All things connected

TIME AND SPACE: In Chess' latest collection, readers will travel back and forth in time, from the Garden of Eden to the present day. Photo courtesy of University of Tampa Press

As part of the Center for Jewish Studies’ 35th anniversary, Richard Chess will read from his latest book of poetry, Love Nailed to the Doorpost. Published by University of Tampa Press, the collection comes out Thursday, March 23.

Chess notes the work’s inclusion of prose poetry marks a major shift in his writing style. “I found so much pleasure and discovered new ways to move around in language,” he says.

Nevertheless, Chess believes those familiar with his work will still recognize his subject matter. “People who peg me as a Jewish writer — they’re still going to find that most of these poems are connected to Jewish life in one way or another,” he says. “But I hope, especially in the prose, that [the work] will speak way beyond just the particulars of the Jewish experience.”

The book, arranged into four sections, travels back and forth between locations and time. In the collection’s opening poem, “The Other Face of Adam,” readers experience Adam’s first encounter with Eve and the fear that it elicits. Her arrival marks the end of Adam’s unique position in the Garden of Eden. No longer the sole human inhabitant, mortality seeps into his consciousness.

“I Lied” places readers inside a modern American restaurant, where the unnamed narrator examines his relationship with deception. At times, he considers the act “part heritage, part invention.” In other instances, the lie morphs from an adventure to a gift to an act that binds generation to generation.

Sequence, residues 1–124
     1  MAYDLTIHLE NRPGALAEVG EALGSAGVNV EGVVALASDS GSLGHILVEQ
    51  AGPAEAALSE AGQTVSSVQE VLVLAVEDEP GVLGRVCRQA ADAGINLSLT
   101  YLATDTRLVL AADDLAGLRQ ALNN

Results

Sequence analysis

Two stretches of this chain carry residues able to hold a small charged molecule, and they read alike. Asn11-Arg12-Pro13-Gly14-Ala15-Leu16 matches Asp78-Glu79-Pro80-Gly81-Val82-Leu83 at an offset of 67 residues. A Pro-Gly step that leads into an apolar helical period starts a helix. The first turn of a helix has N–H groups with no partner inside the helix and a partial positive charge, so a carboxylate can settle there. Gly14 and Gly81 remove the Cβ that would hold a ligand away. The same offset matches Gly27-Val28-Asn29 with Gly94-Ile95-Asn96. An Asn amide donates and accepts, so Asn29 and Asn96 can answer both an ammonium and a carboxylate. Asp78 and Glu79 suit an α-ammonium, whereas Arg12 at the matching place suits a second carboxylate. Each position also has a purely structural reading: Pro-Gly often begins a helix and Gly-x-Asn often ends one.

Divided by oceans and centuries, these initial two poems are linked by association: Readers are aware that Eve will tell the first lie, while the unnamed narrator continues the tradition. This associative thread weaves in and out of Chess’ collection, creating cohesion, as he delves into issues of love, loss, identity and obsession.

“I feel like there’s a greater sense of unity in this book than in my previous books,” Chess says. “I feel more confident about this work. I feel more confident about the book as a whole.”

WHAT: A reading from Richard Chess’ Love Nailed to the Doorpost
WHERE: Reuter Center, 1 Campus View Road.
WHEN: Thursday, March 23, 7 p.m. Free

About Thomas Calder
Thomas Calder received his MFA in Fiction from the University of Houston's Creative Writing Program. He has worked with several publications, including Gulf Coast and the Collagist.

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